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dc.contributor.authorBorge, Rosa
dc.contributor.authorBrugué, Joaquim
dc.contributor.authorDuenas-Cid, David
dc.description.abstractThis paper focusses on the use of technology to improve democracy, comparing the cases of Estonia and Catalonia. Both examples are closely related in their use of technology to further democratize the decision-making processes, but have opposite starting points. Estonia’s internet voting system is an offshoot of the comprehensive e-governance system developed by the Estonian government. It is meant to make it more convenient for people to vote and, thus, easier for them to take part in elections. In Catalonia, the online participation system Decidim, initially set up in the city of Barcelona, represents a bottom-up project that emerged from the 15 May protests and aims to make the representa-tive democratic system more direct and participatory. In our comparison we approach both paradigmatic cases from a theoretical reflection on the ideal types of democracy in relation to how decisions are made and by whom. Both projects have evolved and integrated new features that draw them together. First, internet voting is able to reach wider portions of society and digitally transform the Public Administration. Second, online participation platforms increase the potential for collecting citizens’ proposals and enriching discussions. These features make them more like a mixed model which, in the current model of representative democracy, creates spaces for a more direct and deliberative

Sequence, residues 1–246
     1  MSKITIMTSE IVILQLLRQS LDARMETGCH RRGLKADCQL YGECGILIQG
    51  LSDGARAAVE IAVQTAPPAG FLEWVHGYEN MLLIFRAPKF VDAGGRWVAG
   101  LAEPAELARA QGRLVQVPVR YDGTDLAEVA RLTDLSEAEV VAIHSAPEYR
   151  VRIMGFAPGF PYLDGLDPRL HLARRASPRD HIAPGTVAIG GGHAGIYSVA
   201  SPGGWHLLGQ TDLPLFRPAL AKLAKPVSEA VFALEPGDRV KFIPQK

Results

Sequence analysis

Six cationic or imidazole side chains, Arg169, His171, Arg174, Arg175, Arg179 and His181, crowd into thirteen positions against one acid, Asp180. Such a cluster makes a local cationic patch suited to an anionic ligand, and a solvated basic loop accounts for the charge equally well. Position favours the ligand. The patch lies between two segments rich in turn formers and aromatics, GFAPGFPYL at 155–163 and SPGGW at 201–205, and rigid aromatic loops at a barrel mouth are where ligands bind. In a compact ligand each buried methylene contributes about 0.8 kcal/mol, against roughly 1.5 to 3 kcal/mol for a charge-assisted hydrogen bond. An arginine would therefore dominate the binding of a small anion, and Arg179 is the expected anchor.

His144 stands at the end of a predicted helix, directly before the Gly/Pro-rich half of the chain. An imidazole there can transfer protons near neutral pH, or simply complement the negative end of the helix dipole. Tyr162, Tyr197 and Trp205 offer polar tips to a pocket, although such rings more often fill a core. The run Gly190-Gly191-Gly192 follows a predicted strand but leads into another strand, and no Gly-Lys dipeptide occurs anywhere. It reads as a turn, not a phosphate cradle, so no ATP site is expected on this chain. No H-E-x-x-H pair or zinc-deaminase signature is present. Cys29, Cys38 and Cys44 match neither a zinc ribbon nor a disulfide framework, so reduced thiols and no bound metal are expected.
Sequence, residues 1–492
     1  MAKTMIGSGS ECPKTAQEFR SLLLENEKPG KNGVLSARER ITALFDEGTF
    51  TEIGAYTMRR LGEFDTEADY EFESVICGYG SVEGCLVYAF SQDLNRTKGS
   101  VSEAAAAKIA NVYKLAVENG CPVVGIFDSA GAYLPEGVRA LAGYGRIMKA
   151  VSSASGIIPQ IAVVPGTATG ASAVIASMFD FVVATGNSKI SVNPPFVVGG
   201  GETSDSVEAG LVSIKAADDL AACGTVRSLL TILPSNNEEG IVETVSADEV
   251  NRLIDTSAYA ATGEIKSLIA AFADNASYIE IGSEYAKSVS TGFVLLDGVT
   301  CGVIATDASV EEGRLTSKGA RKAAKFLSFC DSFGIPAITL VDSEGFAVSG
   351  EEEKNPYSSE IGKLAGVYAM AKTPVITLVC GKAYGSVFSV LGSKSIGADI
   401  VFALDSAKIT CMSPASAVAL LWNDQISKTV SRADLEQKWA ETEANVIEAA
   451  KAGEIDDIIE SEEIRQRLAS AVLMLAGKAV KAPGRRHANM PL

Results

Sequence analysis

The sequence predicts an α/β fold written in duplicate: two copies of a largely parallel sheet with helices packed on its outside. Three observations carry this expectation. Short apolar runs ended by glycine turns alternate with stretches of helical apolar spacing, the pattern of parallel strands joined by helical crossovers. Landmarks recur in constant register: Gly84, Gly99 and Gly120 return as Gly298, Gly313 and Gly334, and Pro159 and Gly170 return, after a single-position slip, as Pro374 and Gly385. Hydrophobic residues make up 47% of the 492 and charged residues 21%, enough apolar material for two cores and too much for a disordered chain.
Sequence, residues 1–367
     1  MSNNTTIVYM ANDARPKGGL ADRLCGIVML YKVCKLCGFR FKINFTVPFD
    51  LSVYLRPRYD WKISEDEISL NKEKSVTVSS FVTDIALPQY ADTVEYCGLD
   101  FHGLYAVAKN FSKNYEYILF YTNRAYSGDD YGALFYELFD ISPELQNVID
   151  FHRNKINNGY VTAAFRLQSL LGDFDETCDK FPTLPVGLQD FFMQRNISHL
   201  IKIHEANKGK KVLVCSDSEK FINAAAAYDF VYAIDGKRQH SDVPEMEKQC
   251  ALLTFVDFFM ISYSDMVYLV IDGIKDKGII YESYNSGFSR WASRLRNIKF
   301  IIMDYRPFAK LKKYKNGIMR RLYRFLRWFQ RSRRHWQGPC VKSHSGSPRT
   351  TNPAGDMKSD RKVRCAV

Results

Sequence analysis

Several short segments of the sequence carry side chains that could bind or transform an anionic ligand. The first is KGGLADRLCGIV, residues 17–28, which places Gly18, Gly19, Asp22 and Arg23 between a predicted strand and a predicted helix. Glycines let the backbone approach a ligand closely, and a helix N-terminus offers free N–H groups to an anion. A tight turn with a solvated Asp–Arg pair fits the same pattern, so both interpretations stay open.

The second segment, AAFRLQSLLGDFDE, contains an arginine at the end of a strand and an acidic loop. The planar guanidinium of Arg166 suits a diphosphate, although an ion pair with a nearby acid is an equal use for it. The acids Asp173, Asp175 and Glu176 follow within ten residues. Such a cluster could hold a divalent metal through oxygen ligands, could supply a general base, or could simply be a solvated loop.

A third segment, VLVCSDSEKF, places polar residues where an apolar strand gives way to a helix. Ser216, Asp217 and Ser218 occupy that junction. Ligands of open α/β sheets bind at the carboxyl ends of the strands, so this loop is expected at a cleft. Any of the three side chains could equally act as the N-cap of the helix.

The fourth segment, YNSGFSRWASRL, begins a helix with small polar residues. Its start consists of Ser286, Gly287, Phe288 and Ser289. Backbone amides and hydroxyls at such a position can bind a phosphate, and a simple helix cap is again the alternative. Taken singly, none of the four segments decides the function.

dc.relation.ispartofseriesProfesional de la información, v. 31, n. 3;
dc.rightsAttribution-NonCommercial-NoDerivatives 4.0 International*
dc.subjectDeliberative democracyet
dc.subjectDirect democracyet
dc.subjectAggregative democracyet
dc.subjectRepresentative democracyet
dc.subjectDigital platformset
dc.subjectOnline participationet
dc.subjectInternet votinget
dc.subjectdeliberatiivne demokraatiaet
dc.subjectinterneti valimineet
dc.subjectonline osaluset
dc.subjectdigitaalsed platvormidet
dc.titleTechnology and democracy: the who and how in decision-making. The cases of Estonia and Cataloniaet

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